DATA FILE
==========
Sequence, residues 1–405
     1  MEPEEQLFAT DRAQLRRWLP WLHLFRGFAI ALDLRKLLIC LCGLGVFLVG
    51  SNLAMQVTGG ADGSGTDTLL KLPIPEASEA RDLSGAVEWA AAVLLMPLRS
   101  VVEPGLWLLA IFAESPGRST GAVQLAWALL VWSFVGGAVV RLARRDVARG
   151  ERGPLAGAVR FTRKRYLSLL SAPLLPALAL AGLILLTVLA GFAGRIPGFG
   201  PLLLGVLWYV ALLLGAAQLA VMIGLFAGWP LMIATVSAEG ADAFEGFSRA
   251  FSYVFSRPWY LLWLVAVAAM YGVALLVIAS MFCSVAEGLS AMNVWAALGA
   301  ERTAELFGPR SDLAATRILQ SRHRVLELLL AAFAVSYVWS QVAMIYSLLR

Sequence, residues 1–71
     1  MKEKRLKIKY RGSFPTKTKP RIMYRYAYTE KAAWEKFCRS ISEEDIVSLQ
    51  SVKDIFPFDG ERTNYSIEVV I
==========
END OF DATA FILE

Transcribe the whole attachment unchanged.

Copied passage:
Sequence, residues 1–405
     1  MEPEEQLFAT DRAQLRRWLP WLHLFRGFAI ALDLRKLLIC LCGLGVFLVG
    51  SNLAMQVTGG ADGSGTDTLL KLPIPEASEA RDLSGAVEWA AAVLLMPLRS
   101  VVEPGLWLLA IFAESPGRST GAVQLAWALL VWSFVGGAVV RLARRDVARG
   151  ERGPLAGAVR FTRKRYLSLL SAPLLPALAL AGLILLTVLA GFAGRIPGFG
   201  PLLLGVLWYV ALLLGAAQLA VMIGLFAGWP LMIATVSAEG ADAFEGFSRA
   251  FSYVFSRPWY LLWLVAVAAM YGVALLVIAS MFCSVAEGLS AMNVWAALGA
   301  ERTAELFGPR SDLAATRILQ SRHRVLELLL AAFAVSYVWS QVAMIYSLLR

Sequence, residues 1–71
     1  MKEKRLKIKY RGSFPTKTKP RIMYRYAYTE KAAWEKFCRS ISEEDIVSLQ
    51  SVKDIFPFDG ERTNYSIEVV I